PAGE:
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Other experimental ironclads

Posted to Maritime Musings (by on March 23, 2012

While the USS Monitor was a success, the same cannot be said for the others.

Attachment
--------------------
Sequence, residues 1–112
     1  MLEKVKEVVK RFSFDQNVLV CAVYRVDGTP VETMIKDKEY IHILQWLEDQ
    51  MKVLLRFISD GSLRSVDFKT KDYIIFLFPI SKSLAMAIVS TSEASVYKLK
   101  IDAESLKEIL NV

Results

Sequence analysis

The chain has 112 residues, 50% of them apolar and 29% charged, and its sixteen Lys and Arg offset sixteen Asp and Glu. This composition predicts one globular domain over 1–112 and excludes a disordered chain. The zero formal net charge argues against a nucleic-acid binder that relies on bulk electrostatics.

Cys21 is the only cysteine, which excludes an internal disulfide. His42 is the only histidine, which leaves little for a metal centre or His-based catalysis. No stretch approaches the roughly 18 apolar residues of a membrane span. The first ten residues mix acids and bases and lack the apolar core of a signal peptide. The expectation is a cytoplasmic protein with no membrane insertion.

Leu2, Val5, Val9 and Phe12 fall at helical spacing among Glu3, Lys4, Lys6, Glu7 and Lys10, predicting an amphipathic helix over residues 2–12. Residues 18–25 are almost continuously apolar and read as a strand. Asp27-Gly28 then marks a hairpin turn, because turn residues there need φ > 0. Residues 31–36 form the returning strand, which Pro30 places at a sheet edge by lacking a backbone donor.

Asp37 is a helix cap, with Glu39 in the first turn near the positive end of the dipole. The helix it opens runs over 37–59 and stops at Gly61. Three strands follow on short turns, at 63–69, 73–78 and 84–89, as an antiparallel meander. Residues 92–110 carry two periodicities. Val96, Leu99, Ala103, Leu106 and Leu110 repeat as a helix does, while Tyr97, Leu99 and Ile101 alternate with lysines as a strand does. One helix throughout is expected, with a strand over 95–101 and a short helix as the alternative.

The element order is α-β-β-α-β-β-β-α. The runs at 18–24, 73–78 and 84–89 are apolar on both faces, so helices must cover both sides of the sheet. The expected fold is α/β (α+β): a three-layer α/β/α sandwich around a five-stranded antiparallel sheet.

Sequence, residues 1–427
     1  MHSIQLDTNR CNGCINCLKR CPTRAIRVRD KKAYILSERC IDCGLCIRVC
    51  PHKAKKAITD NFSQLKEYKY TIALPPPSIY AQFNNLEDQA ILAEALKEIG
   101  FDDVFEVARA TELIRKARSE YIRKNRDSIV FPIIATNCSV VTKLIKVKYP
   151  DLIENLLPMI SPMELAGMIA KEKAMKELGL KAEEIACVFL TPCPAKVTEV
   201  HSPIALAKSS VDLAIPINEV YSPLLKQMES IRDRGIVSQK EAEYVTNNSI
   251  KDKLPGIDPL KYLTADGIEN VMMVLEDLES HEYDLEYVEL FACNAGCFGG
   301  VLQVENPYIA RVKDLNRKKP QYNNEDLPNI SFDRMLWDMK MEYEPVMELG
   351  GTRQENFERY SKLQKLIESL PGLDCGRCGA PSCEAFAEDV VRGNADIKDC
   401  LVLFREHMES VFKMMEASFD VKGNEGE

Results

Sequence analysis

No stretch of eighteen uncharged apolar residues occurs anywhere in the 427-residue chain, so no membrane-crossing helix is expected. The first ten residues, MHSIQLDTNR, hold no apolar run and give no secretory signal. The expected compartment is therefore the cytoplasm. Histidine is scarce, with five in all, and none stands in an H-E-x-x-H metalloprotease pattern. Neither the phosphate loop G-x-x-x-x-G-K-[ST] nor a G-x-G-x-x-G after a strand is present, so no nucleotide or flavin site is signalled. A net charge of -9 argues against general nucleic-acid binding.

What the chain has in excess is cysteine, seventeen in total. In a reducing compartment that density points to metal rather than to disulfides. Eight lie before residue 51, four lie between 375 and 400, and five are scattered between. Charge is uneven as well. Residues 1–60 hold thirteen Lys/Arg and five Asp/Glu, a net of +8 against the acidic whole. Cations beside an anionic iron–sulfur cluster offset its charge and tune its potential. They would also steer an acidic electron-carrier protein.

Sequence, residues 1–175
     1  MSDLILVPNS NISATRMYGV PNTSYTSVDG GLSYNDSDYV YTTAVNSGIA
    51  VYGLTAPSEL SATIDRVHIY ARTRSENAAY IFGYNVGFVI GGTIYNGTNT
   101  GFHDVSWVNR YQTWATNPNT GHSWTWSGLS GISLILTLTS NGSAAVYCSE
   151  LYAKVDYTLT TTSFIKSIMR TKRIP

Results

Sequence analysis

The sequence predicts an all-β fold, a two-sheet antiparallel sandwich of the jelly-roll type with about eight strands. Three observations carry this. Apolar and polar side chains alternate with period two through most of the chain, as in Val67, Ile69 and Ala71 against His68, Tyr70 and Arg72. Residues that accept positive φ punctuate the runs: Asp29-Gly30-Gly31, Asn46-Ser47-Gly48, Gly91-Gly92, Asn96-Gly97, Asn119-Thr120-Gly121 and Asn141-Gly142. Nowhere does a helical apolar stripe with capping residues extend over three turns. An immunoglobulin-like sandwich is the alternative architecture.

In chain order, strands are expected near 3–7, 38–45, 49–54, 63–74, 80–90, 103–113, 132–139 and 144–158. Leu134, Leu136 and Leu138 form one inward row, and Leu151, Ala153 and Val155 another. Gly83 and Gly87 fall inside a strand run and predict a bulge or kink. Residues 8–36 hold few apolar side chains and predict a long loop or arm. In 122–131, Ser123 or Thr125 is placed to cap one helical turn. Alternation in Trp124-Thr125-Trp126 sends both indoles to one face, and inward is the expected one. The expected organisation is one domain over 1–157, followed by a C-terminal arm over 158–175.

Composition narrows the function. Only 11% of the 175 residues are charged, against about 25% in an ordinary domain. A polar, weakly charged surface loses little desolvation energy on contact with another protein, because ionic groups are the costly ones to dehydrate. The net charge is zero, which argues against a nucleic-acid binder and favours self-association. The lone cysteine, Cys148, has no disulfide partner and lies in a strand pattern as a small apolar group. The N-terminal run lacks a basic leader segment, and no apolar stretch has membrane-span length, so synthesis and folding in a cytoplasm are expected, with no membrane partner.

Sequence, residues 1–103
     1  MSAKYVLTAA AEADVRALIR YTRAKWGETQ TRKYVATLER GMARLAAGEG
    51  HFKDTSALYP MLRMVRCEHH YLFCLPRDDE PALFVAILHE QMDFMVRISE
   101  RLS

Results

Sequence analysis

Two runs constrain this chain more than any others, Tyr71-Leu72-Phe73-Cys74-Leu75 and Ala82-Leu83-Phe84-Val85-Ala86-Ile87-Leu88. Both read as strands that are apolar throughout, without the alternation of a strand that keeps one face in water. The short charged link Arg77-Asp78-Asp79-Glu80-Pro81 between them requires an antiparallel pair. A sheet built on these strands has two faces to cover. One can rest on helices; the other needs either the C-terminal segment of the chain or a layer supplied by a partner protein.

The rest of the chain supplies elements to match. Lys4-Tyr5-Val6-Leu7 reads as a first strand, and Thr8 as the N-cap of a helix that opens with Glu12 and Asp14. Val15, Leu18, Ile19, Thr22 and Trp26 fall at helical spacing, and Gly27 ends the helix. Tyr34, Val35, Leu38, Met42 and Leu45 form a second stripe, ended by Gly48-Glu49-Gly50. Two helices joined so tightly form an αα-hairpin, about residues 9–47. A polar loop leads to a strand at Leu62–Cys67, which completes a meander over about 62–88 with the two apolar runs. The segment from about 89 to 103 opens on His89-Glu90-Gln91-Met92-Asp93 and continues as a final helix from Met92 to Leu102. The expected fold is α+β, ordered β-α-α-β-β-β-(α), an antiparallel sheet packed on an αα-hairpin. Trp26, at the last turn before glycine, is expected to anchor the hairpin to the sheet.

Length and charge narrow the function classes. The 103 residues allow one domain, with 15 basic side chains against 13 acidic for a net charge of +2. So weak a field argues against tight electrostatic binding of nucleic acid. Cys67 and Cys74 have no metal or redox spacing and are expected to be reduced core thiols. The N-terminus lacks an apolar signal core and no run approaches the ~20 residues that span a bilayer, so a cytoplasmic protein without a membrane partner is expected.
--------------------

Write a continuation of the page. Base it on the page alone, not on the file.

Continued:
When the Union Navy learned that the Confederate Navy was building an iron-clad warship to threaten the wooden-hulled blockade fleet, it launched a crash project to build its own iron-clad warships.  Of the 17 proposals submitted, the Union Navy selected three for construction.  Most people are familiar with the USS Monitor, the most successful of the three.  Few, though, are aware of the other two iron-clads built at the same time for the Union Navy.  The USS GALENA was constructed in a manner similar to wooden hull screw-propelled warships of the era, except that armor plating was affixed to its sides using interlocking iron rails.  At the Battle of Drewry’s Bluff on the James River on May 15, 1862, Confederate gunfire perforated the ship’s armored sides, killing 12 men and wounding 15 others.  Not long thereafter, the GALENA was ordered back to Philadelphia, where its iron plating was removed.  It served the remainder of its career as a wooden-hull warship and was decommissioned in 1869.  The USS NEW IRONSIDES was built along the lines of the French warship Le Gloire, with thick wrought iron plates extending from four feet below the waterline to the main deck and thinner wrought iron plates used on the main deck.  The NEW IRONSIDES served honorably during the Civil War, performing blockade services and gunfire support.  Decommissioned when the conflict ended, the ship suffered a major fire while in lay-up and sank.  Few new warships were constructed for the United States Navy for some years after 1865.  When construction started again, iron-clad ships were outmoded.  Rather, the new ships were of all-metal construction, more along the lines of the HMS Warrior, rather than the iron-clad wooden hulls similar to the Le Gloire. 

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